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Kamose, King of THEBES

Male - Yes, date unknown

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  • Name Kamose  
    Suffix King of THEBES 
    Gender Male 
    Died Yes, date unknown 
    • «b»

      «/b»15th PHARAOH of the 17th Dynasty of EGYPT

      Kamose«/b» was the last king of the «u»Theban «/u» «u»Seventeenth Dynasty «/u». He was probably the son of «u»Sekenenra Tao II «/u» and «u»Ahhotep I «/u» and the full brother of «u»Ahmose I «/u», founder of the «u»Eighteenth Dynasty «/u». His reign fell at the very end of the «u»Second Intermediate Period «/u». Kamose is usually ascribed a reign of three years (his highest attested regnal year), although some scholars now favor giving him a longer reign of approximately five years.«u»[3]
      His reign is important for the decisive military initiatives he took against the «u»Hyksos «/u», who had come to rule much of «u»Ancient Egypt «/u».«u»[4]«/u» His father had begun the initiatives and, quite possibly, lost his life in battle with them. It is thought that his mother, as regent, continued the campaigns after the death of Karmose (also in battle with the Hyksos), and that his full brother made the final conquest of them and united all of Egypt.

      «b»Length of reign
      «/b»His Year 3 is the only attested date for Kamose and was once thought to signal the end of his reign. However, it now appears certain that Kamose reigned for one or two more years beyond this date because he initiated a second campaign against the «u»Nubians «/u». Evidence that Kamose had started a first campaign against the Kushites is affirmed by the contents of Apophis' captured letter where the Hyksos king's plea for aid from the king of Kush is recounted in Kamose's Year 3 Second stela:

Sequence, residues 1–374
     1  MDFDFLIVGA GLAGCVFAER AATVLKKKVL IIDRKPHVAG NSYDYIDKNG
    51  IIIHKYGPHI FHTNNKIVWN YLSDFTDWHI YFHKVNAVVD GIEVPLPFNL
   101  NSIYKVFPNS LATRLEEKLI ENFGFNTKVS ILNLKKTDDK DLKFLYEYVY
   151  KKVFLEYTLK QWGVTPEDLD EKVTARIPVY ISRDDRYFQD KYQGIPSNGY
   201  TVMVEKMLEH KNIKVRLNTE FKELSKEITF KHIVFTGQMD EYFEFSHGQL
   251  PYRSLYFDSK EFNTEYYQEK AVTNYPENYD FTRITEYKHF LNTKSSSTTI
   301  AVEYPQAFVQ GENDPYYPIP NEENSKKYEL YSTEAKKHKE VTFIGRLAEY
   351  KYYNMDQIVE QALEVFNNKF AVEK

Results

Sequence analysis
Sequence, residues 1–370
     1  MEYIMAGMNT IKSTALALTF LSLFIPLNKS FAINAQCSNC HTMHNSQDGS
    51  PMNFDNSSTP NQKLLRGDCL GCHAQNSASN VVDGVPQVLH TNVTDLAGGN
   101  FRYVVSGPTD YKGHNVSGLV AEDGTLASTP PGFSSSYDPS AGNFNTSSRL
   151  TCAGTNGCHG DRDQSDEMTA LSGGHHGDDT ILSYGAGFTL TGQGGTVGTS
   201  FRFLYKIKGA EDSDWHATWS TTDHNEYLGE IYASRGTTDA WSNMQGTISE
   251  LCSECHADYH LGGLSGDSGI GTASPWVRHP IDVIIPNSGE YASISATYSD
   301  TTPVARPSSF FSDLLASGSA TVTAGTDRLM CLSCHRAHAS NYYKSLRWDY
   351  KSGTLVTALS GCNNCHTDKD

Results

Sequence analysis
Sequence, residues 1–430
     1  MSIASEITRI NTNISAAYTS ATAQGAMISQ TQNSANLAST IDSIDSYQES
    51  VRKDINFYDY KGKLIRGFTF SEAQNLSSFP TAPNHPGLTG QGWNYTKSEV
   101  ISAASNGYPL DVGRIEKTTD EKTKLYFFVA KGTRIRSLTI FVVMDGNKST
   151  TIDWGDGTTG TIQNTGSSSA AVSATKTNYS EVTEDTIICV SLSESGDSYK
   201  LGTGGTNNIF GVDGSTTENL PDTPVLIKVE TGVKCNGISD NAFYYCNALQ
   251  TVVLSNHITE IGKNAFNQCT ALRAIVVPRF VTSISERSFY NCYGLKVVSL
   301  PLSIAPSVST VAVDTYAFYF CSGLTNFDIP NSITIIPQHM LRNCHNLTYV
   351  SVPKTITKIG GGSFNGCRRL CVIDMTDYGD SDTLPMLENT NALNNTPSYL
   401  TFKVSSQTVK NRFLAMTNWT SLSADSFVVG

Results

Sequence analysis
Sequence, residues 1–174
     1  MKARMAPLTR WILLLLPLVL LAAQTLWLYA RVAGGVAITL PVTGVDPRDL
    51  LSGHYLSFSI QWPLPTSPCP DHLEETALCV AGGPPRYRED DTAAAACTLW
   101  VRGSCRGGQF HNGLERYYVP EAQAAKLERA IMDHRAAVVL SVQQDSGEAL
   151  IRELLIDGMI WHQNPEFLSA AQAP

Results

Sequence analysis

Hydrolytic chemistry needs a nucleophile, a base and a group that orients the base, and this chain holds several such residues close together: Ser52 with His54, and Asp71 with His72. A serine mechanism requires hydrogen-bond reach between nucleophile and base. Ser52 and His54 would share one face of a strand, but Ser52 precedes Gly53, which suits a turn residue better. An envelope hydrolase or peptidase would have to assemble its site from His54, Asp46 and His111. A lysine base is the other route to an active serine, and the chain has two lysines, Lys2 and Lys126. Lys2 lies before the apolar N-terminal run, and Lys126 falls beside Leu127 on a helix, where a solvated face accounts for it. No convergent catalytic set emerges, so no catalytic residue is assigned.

" Do you see what Egypt has done to me? The ruler who is in it, Kamose-the-Brave, given life, is attacking me on my soil although I have not attacked him in the manner of all he has done against you. He is choosing these two lands to bring affliction upon them, my land and yours, and he has ravaged them."«u»[17]«/u» " Two separate rock-inscriptions found at Arminna and Toshka, deep in Nubia, «i»give the prenomen and nomen of Kamose and Ahmose side by side and were inscribed at the same time«/i»\emdash likely by the same draughtsman\emdash according to the epigraphic data.«u»[4]«/u» In both inscriptions "the names of Ahmose follow directly below those of Kamose and each king is given the epithet «b»«i»di'nh«/b»«/i» which was normally used only of ruling kings. «b»This indicates that both Kamose and Ahmose were ruling when the inscription were cut and consequently that they were coregents«/b»."«u»[4]«/u» Since Kamose's name was recorded first, he would have been the senior coregent. However, no mention or reference to Ahmose as king appears in Kamose's Year 3 stela which indirectly records Kamose's first campaign against the Nubians; this can only mean that Kamose appointed the young Ahmose as his junior coregent sometime after his third year prior to launching a second military campaign against the Nubians.«u»[18]«/u» As a result, Kamose's second Nubian campaign must have occurred in his Year 4 or 5. The target of Kamose's second Nubian campaign may have been the fortress at «u»Buhen «/u» which the Nubians had recaptured from Kamose's forces since a stela bearing his cartouche was deliberately erased and there is fire damage in the fort itself.«u»[19]«/u»